My daughter once performed at a large choral event where she sung a solo piece. It was the first time she had performed in front of a sizable audience and the first time I had any idea that she had real singing talent. As a father, it was a beautiful thing to see, and I was very proud of her.
Naturally, as a proud dad I was there with my video camcorder in hand and taped the entire performance. The event was over two evenings so I also went back the next night and taped it again, then took the two pieces of footage, dumped them into Sony Vegas and made a two-camera montage of the performance. It’s still on YouTube if you want a look.
Although I was present to see her perform twice, my strongest memory of that event is the video that documents it. I do recall sitting in the hall with the other people and thinking how awesome she sounded live, but what I see on the video has, over time, become the more pervasive memory.
Likewise, back in 2004 we did a 3 week trip through Central Australia with about 25 of my 4WD club friends. It was an amazing trip, taking detours into some of the most remote and beautiful country in Australia. We ventured up the Oodnadatta Track, swam in thermal pools, visited the remote East MacDonnell Ranges and took the back roads to Kings Canyon and Uluru. We had mechanical issues, lots of laughs and a great time. When we came back, I collected the hours of video footage and thousands of photos and produced a short video of the trip to show at a club meeting. Again, you can find that video on YouTube.
Just like the 4 minute video of Kate singing, the 9 minutes of video footage from our Central Australia Outback experience has come to be my primary recollection of the 21 day trip. I occasionally have to stop and remind myself that there was a lot more to that trip than just those 9 minutes.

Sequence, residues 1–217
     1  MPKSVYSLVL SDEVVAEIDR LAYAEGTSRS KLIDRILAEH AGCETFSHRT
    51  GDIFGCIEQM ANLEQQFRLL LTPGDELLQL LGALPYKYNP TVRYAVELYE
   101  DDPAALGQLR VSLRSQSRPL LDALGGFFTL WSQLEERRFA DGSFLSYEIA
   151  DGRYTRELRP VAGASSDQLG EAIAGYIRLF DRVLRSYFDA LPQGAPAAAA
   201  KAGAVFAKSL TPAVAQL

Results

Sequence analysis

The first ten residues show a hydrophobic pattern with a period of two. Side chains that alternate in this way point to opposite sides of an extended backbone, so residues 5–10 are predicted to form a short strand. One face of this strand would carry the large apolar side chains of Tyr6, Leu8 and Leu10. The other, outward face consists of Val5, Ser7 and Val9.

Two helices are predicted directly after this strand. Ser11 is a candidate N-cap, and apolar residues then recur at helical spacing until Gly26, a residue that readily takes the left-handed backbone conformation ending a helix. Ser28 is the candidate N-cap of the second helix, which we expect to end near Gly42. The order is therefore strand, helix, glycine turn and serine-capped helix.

While I totally understand the need to document our experiences with video and photographs and other media, I think we need to be aware that life still needs to be lived and not just experienced through a camera viewfinder. It’s a balancing act, because I know I have footage of events and experiences that I will want to look back on in years to come and be very glad I captured them. However, I’ve also become very aware that even as I capture events for posterity, I don’t lose sight of the actual experience of living the moment in which they occur.
I started pondering this as I watched the steady stream of Twitter messages coming out of NECC. As you would expect, the tweets are flowing fast and furious with so many edu-Twitterers all in one place. Twitter is an incredible networking tool for groups, and you can see it being used to connect, communicate and coordinate. Whether it is to arrange a place to meet for coffee, notify the start of a presentation or comment on what’s being said in a meeting, Twitter is an awesomely useful tool. As I read them, I just imagine that many these tweet messages are being created on mobile devices and I’m getting this mental picture of people wandering about with their cellphones in hand furiously tapping away on hard-to-use keyboards to create this flood of tweets to the outside world.
I could be completely wrong, and maybe some of the Twitterers will leave a comment about how they deal with the whole mobile tweeting thing, but I always find that in order to tweet about what I’m doing I have to mentally stop doing it. To me, it’s more than just multitasking, it’s about mental timeslicing and taking your attention off the here-and-now of what’s actually taking place around you in order to tell the Twitterverse about what’s going on around you. This is not meant to be a criticism, and I’m glad that people do it so that others who wish they were there can get an insight into what’s going on, but I hope that folks find the balancing point between actually living the event and spending all their energy helping the event “go live”.
I know that multitasking is an important skill, but sometimes I wonder if we push it too far and try to engage with (or create) so many sources of information that we miss some of the richness of the actual experience itself? Maybe we need to relearn how to just “be” in the moment and let that moment flow over us so that our experience of an event will be the pervasive memory and the digital documentation of the event will simply be a nice reminder later. How do we find that balance between capturing and sharing a moment and actually living it?
Image: ‘Tribute To Guitarist Pat Martino – Scan+03+07‘
Going Live vs Doing Life by Chris Betcher is licensed under a Creative Commons Attribution-ShareAlike 4.0 International License.